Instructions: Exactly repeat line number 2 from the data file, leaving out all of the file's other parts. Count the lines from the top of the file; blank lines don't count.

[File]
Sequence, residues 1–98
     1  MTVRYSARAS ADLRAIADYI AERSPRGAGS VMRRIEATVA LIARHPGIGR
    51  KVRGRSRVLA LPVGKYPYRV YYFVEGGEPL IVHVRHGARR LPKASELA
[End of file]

     1  MTVRYSARAS ADLRAIADYI AERSPRGAGS VMRRIEATVA LIARHPGIGR